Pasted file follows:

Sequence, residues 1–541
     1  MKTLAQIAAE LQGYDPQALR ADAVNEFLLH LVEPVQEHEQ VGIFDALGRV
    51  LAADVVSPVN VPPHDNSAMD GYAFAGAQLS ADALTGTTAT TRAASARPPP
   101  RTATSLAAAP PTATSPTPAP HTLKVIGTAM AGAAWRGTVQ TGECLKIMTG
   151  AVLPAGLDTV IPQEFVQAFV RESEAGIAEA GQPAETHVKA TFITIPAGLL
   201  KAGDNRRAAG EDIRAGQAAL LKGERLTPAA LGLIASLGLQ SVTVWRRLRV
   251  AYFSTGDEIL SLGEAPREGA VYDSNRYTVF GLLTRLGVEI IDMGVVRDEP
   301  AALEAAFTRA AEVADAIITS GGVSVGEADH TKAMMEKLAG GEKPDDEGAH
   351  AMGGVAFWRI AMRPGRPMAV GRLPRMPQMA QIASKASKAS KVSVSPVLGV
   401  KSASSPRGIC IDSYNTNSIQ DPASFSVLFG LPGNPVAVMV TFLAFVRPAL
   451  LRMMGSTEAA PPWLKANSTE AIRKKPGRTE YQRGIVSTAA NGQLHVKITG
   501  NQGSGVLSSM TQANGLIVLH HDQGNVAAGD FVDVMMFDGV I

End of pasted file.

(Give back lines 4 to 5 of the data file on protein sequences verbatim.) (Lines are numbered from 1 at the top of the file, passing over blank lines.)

   101  RTATSLAAAP PTATSPTPAP HTLKVIGTAM AGAAWRGTVQ TGECLKIMTG
   151  AVLPAGLDTV IPQEFVQAFV RESEAGIAEA GQPAETHVKA TFITIPAGLL